How are businesses gauging and increasing diversity?
New research provides insight into how law departments and their broader organisations are looking to increase diversity, and the demographics via which they are doing it.
Last month, Lawyers Weekly reported that the 2021 CLOC State of the Industry report – produced by the Corporate Legal Operations Consortium and the Association of Corporate Counsel, which surveyed over 200 organisations across the globe, spanning over 22 industries in 21 countries – found that implementing a diversity and inclusion program is the top-ranked priority for law departments in 2021.
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More than six in 10 (61 per cent) of respondents viewed it as a high priority, while 27 per cent of the balance of respondents see it as a medium priority, and 12 per cent see it as a low priority.
Following the publishing of said research, Lawyers Weekly spoke with three senior corporate counsel about the findings, all of whom said that law department leaders have a duty to drive change in meaningful ways.
A survey compiled by Bloomberg Law – which received responses from 272 law firm lawyers and 157 in-house lawyers based in the US about considerations pertaining to legal operations – found that more than seven in 10 organisations (71 per cent) have, or plan to have, metrics in place to gauge diversity. Just 29 per cent said they have no such plans.
When asked which metrics organisations have in place to track diversity, 83 per cent identified race/ethnicity and 80 per cent pointed to gender. Approximately one in two organisations also measure by age, disability, job satisfaction, veteran status and employee wellbeing.
Interestingly, fewer than one in five respondents said that their organisations track neurodiversity (that is, variations in the brain regarding sociability, learning, attention, mood and “other functions in a non-pathological sense, especially when used in the context of the autistic spectrum”).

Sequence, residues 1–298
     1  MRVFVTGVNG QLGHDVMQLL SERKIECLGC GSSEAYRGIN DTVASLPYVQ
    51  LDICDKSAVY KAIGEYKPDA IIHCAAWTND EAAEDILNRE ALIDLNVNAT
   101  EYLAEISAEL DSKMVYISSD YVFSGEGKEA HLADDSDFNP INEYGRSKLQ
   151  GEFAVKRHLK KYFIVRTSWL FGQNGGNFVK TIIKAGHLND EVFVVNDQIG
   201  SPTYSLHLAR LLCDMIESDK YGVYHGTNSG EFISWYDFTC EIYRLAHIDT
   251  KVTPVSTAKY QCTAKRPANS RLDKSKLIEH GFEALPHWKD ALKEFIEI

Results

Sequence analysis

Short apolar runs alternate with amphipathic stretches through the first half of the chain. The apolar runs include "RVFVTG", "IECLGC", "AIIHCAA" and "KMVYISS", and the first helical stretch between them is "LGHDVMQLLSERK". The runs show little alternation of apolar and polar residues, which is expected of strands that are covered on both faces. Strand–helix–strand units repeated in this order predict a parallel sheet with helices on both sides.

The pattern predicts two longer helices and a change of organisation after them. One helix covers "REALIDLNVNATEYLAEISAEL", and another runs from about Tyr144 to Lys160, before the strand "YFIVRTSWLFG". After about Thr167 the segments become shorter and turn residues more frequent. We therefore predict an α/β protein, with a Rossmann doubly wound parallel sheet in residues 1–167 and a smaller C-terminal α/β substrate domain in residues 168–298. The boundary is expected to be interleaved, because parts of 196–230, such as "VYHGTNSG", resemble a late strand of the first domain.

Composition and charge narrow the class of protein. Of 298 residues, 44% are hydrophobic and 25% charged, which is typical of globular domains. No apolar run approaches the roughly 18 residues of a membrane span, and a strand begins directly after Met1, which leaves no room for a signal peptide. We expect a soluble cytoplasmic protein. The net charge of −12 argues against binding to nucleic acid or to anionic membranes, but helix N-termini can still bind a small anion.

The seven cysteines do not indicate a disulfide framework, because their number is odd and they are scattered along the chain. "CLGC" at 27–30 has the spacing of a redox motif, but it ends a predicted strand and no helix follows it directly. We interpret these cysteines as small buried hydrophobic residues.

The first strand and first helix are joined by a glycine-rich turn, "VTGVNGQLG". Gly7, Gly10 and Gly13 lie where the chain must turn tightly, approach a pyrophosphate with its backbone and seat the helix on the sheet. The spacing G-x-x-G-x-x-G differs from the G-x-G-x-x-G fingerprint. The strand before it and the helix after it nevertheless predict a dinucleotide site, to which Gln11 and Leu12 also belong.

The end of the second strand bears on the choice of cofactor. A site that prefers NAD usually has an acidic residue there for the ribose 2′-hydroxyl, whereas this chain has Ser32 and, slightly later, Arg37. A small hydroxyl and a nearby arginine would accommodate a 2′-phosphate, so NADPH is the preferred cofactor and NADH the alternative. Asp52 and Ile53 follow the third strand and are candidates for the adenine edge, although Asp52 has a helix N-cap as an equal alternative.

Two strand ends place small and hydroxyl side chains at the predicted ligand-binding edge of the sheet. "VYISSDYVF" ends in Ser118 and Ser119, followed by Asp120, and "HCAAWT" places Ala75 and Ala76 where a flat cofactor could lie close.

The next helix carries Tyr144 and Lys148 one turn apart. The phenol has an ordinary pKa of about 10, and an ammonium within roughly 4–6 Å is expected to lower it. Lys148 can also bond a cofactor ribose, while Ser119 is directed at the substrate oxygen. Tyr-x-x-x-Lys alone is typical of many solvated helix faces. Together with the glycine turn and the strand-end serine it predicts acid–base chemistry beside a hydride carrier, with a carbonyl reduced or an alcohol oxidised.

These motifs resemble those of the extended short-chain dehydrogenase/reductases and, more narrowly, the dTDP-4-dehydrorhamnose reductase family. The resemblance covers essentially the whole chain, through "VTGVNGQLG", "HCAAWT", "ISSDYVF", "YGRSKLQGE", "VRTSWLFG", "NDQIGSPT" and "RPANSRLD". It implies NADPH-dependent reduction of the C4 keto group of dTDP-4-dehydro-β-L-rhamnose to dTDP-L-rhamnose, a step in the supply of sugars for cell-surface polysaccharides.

When it comes to initiatives being put in place to increase diversity, in-house teams appear to be a mixed bag.
Almost all (87 per cent) have internal diversity training, but after this, the next most popular measure is allowing for or increasing remote working opportunities, with 62 per cent of law departments doing so.
Elsewhere, 61 per cent of law departments have changed recruitment patterns, 55 per cent are engaging with local organisations that support or highlight diverse workers, 52 per cent have internal mentoring programs, 39 per cent have formal internal sponsorship programs and 34 per cent are revising their screening procedures to ensure that blind resume screening.
While the research did not extrapolate on the effectiveness of various initiatives to increase diversity, the extent to which US-based law departments are utilising different approaches should give food for thought to Australian-based teams as to what approaches might be best in achieving their diversity and inclusion goals.